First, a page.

August 28, 2012

Blogger’s Quest(ionnaire): The Contextual Life of Arts & Culture Blogger Gabrielle Gantz

The Twitter hashtag #Books led me to Gabrielle Gantz, “a book publicist by day and raging fangirl by night (and early morning).” She has written for The Faster Times, The Nervous Breakdown, and The Rumpus. In her free time, she writes about arts and culture at The Contextual Life and co-runs the literary event calendar Book Boroughing. She can be found on Twitter: @contextual_life.

Why did you create a Website of regular entries?
I used to have a zine when I was younger. It was the typical cut and paste. I took a hiatus from it for a few years and when I got back into writing—and creating—websites had taken off. It seemed silly to go back to print so I started a website. I first started my blog to work on my grammar but the reasons to keep it going have multiplied.

What Web-based solution did you select and why?
I use WordPress for my blog. I don’t know why I chose it instead of Blogger, both were equally big when I started. I think I liked the look of WordPress better. It’s a cleaner platform and while there are some odd glitches with code inexplicably showing up, I’m happy with it. Note to WordPress people, learn simple code so you can fix the wonky formatting.

What is your definition of a good blog and
what are three good blogs that you frequently visit?
A good blog has quality content: good writing, interesting features. I can’t stand sites that feel like the person is just going through the motions or attempting to maximize hits through popular search words. Blogs don’t need to be updated everyday but there should be a consistency to the postings. Three blogs that I recommend: Vol1Brooklyn, Tin House’s blog, and Laughing Squid.

How do you create content for your blog?
I read, I think, I write. A lot of what I do is reviewing. I consider myself an “arts and culture” blogger but really, it’s a lot of book reviews. So it’s about reading a lot and coming up with interesting ways to discuss books.

How do you stay organized and motivated
to contribute to your blog?
I use Google Docs for my writing. I have a document for each post and then when I’m done writing and editing I just cut and paste into WordPress. I could never compose straight onto my blog. That would make me nervous.

I keep lists and notes in multiple places—on my phone in the notepad, in a main Google Doc called “blog docket,” and in notebooks. It’s my way of remembering what I’ve read and what I still need to write. I like to create series. I find them to be a good way of coming up with ideas for posts. I have “quick takes,” which are shorter reviews (as opposed to more thought out essays). I also have a monthly “new in paperback” roundup, which is an easier post to give me a break once a month, and every so often I do a podcast roundup.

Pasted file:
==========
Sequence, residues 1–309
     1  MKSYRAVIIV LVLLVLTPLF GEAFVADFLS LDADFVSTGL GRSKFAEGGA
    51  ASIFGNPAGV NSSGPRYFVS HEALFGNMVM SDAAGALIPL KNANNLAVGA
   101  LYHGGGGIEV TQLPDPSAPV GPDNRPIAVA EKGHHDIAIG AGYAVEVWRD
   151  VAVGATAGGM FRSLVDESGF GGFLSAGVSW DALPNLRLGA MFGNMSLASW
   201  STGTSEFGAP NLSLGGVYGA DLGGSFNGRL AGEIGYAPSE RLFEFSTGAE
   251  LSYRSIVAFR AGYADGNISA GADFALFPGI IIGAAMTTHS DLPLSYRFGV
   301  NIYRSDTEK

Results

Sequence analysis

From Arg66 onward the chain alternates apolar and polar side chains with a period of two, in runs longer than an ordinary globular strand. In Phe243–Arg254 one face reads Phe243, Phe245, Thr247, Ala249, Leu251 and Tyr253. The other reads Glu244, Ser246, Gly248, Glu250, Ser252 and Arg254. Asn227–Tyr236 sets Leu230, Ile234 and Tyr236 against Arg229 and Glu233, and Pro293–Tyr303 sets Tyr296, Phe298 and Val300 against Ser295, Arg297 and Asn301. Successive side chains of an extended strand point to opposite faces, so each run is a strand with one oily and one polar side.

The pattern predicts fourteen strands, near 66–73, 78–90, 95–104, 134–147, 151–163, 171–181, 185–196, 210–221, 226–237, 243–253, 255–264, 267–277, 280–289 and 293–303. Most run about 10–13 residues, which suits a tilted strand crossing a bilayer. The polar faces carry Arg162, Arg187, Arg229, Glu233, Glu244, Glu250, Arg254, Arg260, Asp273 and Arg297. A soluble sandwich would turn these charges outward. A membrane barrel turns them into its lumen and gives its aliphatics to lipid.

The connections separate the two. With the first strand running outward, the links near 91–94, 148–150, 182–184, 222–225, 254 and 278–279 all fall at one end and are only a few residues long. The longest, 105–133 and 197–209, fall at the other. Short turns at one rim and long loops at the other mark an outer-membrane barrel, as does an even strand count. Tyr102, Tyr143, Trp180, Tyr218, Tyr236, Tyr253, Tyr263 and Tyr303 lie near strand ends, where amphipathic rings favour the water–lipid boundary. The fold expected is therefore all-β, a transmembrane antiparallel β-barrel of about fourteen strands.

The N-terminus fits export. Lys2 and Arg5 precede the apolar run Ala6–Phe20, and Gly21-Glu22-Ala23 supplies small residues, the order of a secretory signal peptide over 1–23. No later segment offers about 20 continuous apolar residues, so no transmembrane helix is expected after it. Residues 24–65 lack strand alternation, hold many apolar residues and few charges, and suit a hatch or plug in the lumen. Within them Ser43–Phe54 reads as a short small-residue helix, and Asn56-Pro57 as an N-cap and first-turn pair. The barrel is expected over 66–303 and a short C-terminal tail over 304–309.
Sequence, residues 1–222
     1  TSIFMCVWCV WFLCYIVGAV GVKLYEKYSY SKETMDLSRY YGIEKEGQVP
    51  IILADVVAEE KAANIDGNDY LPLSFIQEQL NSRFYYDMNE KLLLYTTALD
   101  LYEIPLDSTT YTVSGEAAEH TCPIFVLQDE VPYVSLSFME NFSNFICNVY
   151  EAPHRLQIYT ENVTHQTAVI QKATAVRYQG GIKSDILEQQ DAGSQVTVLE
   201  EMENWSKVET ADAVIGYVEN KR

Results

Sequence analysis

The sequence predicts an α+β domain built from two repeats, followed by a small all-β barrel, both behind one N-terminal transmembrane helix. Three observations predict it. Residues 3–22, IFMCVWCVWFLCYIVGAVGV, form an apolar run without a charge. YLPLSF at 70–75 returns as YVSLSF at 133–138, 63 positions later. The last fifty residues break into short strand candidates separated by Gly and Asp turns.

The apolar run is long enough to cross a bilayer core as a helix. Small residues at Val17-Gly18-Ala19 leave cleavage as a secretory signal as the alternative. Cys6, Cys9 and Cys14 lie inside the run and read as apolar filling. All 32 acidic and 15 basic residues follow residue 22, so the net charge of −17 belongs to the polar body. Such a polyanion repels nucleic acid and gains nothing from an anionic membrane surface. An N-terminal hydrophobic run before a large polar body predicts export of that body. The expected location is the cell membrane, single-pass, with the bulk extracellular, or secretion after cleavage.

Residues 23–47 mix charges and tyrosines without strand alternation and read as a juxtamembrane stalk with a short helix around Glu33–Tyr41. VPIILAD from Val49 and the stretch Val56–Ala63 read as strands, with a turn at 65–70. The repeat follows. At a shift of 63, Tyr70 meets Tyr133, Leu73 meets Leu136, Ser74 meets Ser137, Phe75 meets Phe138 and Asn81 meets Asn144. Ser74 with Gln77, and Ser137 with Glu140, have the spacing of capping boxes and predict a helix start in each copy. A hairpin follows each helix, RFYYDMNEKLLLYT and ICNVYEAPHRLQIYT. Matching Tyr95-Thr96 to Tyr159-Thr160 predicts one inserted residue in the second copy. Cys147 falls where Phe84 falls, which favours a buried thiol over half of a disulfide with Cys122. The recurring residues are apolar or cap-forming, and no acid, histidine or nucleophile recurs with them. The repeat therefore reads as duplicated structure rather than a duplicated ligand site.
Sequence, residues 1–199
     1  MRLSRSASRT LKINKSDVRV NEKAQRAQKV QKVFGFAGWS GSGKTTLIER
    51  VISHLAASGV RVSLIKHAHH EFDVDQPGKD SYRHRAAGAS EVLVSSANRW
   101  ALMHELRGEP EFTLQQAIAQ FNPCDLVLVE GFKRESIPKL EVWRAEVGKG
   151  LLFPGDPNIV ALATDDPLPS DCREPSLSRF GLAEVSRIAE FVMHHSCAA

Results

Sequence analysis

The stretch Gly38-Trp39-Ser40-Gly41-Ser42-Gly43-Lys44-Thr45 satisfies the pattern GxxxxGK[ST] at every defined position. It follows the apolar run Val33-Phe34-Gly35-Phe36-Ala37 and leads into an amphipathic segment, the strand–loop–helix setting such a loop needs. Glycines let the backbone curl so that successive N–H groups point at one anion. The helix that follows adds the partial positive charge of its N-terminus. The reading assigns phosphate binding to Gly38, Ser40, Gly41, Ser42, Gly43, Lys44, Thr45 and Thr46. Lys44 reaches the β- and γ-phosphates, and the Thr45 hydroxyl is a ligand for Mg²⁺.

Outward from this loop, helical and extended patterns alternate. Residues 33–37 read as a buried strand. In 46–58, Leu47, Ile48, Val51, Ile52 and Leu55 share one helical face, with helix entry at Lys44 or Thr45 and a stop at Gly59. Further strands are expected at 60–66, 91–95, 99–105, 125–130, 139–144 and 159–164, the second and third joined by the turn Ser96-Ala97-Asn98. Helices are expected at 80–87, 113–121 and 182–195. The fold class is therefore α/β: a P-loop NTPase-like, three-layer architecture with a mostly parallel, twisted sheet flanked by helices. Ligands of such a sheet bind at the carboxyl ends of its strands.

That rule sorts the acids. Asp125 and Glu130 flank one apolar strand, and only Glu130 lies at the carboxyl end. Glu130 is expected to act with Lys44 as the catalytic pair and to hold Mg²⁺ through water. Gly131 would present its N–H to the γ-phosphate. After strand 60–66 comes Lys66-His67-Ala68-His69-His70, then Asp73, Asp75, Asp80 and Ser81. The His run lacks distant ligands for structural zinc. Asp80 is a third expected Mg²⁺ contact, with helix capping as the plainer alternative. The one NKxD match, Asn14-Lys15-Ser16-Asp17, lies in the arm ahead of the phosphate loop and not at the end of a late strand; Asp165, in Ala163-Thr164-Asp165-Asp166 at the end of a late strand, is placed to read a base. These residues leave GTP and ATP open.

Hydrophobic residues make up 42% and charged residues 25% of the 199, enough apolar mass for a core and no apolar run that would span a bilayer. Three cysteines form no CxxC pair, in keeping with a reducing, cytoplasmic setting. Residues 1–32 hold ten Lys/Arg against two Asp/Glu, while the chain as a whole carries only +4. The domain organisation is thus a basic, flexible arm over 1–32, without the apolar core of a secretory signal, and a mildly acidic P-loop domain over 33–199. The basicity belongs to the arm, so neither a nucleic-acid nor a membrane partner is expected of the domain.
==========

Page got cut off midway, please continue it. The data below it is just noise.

Staying motivated comes from having an emotional attachment to my blog. It’s my creation and I have a strong desire to keep it going. I post once a week on Tuesday mornings. At this point, it would feel weird to skip a day without a good reason. I also think it’s my personality. I’m structured.

For those aspiring to make a Website composed
of regular thoughts and/or images, what is your advice?
I always tell people to just start. Don’t think, just do. Your blog will change over time, you’ll get better at it, you’ll come up with new ideas, but none of that will happen if it all stays in your head as something you’d like to do one day. Keep it simple, have fun, don’t wait but also keep expectations reasonable. Know your time limits. If you can’t post more than once a week, don’t put that stress on yourself. You’re not a major newspaper with a full staff and backbreaking deadlines.

What is your quest in blogging?
That’s a great question. If I were to put it in terms of a quest, I guess it’s self-expression and personal fulfillment. At this point I couldn’t imagine reading and not forming thoughts about it on a screen and for public viewing. It’s really about enjoying myself and taking everyday activities and turning them into something creative.

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Portrait courtesy of Gabrielle Gantz.

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Read more of the Design Feast series Blogger’s Quest(ionnaire).

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